Coming in at a $40 price point (!!!) Kingdom Hearts III: Re:Mind offers an 80% recycled campaign, a boss rush mode, and some social media nonsense for people who really hate themselves. That’s really it, that’s what you get. Honestly, Square-Enix should be utterly embarrassed by this DLC.
It’s been one year: 365 days, 8760 hours, 525600 minutes, or 31556952 seconds, since the release of Kingdom Hearts III. Let that sink in as you begin the meat of Kingdom Hearts III: Re:Mind. Think of it as the extended version of a movie you really like… you know, the kind where they add 4 minutes to the 120 minute runtime.
Yes, Kingdom Hearts III: Re:Mind, really is that cynical. I’m not kidding when I tell you that the game literally starts with an exact cut scene from the base game, and a cut scene that happens to be available from the theater mode of the main game that you’ve already bought if you’re playing this DLC. Yes, the introduction to this new content is… content you’ve already seen.
In fact, that’s kind of the sticking point here: most of what you get for your hard-earned cash is footage you’ve already seen, and battles you’ve already fought, and story you’ve already experienced, just with slight alterations for context. Remember back in the 2000s, when we were super obsessed with prequels? This is like that, except even more egregious.
Generally I’m not so unforgiving as to call a company out for a forthright cash grab, but that’s absolutely what Kingdom Hearts III: Re:Mind is. There’s just no other way to put it. You might find someone in the marketing department for Square-Enix who would disagree, but being a company that has faced just these sort of allegations for their last two major releases, Square-Enix either doesn’t read the news, or doesn’t care what people think of their products.
Square-Enix was roundly accused of shipping unfinished products in the case of both Final Fantasy XV and Kingdom Hearts III — their two most high profile releases of the last decade. I personally gave mostly positive reviews of both games for this very website but if you want ammo to suggest that this company is deliberately trading on the nostalgia and passion of its fan base in order to make financial headway, there are few examples you could draw from that are as obvious as this DLC.
Look, maybe you’re a really big Kingdom Hearts fan. Maybe you just really wanted to know what the context was for that cliffhanger ending in Kingdom Hearts III. Maybe you just don’t do much research before you buy something. Or maybe… you just really trust this company for some reason.
Hey, I’m not judging… hell, I bought this DLC for $40 same as anyone else. I oughta be honest that I’m not reviewing Kingdom Hearts III: Re:Mind as some holier than thou critic, talking down to you from my position of privilege. No, I’m an angry consumer in this particular case. I’m a person who spent enough to replace a flat tire on my car, or buy my family dinner, on a game that is clearly playing off of my love for a franchise, and using it to bilk me out of money in a method that is so clear, and so concise, that those involved in the entire endeavor should be totally embarrassed for their part in the creation, marketing, pricing, and distribution of this expansion.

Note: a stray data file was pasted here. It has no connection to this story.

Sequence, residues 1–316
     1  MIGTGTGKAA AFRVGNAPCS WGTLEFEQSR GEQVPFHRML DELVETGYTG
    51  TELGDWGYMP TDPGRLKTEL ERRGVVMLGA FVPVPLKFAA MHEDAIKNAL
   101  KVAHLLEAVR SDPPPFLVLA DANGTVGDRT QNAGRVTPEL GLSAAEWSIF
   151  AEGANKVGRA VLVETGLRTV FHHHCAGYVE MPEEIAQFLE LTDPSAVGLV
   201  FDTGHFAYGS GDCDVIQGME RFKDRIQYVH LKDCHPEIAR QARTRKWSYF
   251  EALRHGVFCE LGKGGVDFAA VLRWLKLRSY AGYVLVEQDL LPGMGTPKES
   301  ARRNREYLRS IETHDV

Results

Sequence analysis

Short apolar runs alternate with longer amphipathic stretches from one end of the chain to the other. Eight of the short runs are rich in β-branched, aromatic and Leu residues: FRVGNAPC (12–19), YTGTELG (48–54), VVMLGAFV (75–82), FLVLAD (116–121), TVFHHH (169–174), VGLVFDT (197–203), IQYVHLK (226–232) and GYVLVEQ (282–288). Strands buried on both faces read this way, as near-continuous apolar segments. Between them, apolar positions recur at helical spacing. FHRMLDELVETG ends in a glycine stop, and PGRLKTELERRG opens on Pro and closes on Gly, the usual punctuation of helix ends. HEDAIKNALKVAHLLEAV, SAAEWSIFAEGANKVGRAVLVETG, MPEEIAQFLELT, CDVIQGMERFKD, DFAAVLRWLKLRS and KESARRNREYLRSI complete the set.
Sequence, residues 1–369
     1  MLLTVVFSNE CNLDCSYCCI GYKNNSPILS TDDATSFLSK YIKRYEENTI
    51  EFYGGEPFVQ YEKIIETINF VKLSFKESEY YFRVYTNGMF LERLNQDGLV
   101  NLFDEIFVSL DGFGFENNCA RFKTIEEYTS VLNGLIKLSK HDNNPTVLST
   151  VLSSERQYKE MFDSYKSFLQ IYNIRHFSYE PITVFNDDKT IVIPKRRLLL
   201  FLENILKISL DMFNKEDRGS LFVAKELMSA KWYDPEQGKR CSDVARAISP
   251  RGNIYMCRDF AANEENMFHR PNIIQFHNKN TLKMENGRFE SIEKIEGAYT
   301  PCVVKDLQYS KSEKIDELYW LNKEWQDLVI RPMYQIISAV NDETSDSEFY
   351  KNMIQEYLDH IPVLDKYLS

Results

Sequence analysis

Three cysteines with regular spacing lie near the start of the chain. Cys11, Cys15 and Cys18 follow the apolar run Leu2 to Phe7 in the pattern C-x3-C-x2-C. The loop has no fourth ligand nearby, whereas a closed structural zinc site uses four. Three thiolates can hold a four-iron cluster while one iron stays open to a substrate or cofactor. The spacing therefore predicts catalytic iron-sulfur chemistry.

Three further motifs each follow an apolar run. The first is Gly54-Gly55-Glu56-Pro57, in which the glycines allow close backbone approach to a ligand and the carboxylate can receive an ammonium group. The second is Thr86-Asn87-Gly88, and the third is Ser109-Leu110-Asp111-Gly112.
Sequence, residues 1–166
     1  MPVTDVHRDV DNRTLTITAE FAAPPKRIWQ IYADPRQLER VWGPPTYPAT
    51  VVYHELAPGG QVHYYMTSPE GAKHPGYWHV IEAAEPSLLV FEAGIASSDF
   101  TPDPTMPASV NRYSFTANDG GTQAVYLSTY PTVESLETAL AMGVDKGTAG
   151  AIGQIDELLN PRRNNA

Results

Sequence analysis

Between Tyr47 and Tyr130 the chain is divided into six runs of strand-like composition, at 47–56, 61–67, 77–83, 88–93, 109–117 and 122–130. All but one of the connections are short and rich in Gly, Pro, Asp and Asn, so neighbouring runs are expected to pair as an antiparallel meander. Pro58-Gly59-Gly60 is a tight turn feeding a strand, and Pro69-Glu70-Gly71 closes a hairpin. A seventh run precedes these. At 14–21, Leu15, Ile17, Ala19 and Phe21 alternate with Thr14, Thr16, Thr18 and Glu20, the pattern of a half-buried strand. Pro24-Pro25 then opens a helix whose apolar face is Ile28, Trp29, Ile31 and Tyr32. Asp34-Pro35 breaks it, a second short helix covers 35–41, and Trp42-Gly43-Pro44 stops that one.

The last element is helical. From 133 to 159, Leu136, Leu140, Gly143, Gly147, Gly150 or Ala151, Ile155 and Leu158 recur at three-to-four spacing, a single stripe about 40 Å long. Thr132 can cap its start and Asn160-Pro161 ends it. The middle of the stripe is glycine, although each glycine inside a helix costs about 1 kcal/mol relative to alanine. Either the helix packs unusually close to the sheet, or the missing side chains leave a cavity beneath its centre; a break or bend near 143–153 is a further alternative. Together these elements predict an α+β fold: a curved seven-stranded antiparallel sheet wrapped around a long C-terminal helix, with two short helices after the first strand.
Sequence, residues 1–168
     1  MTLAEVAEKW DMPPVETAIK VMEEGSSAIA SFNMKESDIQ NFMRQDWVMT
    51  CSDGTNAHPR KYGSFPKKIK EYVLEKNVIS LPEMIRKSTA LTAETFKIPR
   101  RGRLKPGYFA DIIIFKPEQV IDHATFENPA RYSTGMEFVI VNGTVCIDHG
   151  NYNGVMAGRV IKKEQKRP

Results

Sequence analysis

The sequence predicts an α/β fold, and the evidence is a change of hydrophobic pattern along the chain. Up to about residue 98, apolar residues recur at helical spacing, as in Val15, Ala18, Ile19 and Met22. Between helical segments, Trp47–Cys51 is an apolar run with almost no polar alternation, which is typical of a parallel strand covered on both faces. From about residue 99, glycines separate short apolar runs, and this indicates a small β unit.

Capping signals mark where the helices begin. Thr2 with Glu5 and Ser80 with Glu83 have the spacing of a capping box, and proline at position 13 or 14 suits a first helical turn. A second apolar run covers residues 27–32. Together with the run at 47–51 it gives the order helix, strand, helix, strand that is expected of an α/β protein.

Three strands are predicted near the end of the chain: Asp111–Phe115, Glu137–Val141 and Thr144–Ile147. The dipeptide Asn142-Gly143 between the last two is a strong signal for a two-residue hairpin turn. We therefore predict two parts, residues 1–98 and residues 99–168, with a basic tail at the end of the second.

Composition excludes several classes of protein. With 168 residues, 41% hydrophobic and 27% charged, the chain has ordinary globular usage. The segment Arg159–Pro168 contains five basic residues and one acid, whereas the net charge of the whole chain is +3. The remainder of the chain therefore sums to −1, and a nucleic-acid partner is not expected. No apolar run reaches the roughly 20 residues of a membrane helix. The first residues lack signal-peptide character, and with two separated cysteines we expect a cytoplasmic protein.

Yes, fans had their complaints about Kingdom Hearts III. “Where are the hardcore boss battles? Where are the Final Fantasy characters? Where are the secret areas? Where are the hidden plot developments?” Still, to address these particular complaints by hammering a few minutes or seconds here and there into already existing content is truly like spitting in the faces of the people who have built the house you’re living in.
I haven’t sat in the board rooms at Square-Enix and I haven’t been in email chains about the planning of projects at their company but what I can say is that there is something rotten in Denmark if this is what passes for a satisfying piece of content for the wildly devoted fans of a hugely popular franchise in 2020. Kingdom Hearts III: Re:Mind is literally, truthfully, and succinctly, the worst piece of DLC I’ve ever purchased.
10 Years Later: ‘Mass Effect 2’ is An All-Time Sci-fi Classic
Mass Effect 2 didn’t just nail the formula for a successful sequel, it tied together one of the greatest science fiction tales ever.
Mass Effect launched in 2007 as the boldest science fiction project ever conceived for consoles. The complex mythology, history and the many alien races, each with their own political/religious beliefs offered a depth rarely seen in the medium. Only a game as ambitious as Mass Effect 2 could not only match the pedigree of such a massive project but surpass it in every single way imaginable.
Released 3 years after the original, a full decade ago, Mass Effect 2 set the benchmark for not just sequels but for science fiction gaming as well. Few sequels are able to overcome the weaknesses of their predecessors with such perfect accuracy while also doubling down on what made them good in the first place.
The first task that fell to Bioware was to refine the combat. The original game had more of a strategic angle to it but that strategy meant the game was constantly stopping and starting, stuttering the action and ruining the flow of the game. By streamlining the combat into more of an action RPG experience (emphasis on action), Mass Effect 2 created a much better sense of tension in battle sequences. Aiming, using techniques and issuing orders also flowed more smoothly with these changes.
Another major change was the removal of the Mako, an exploratory rover the player drove around alien planets with. While a novel idea, the Mako often lead to aimless wandering as the player sought out resources on the many planets of Mass Effect. Instead of driving to their destination, players were now warped directly to the area they would be exploring. Resource collection was overhauled as a result.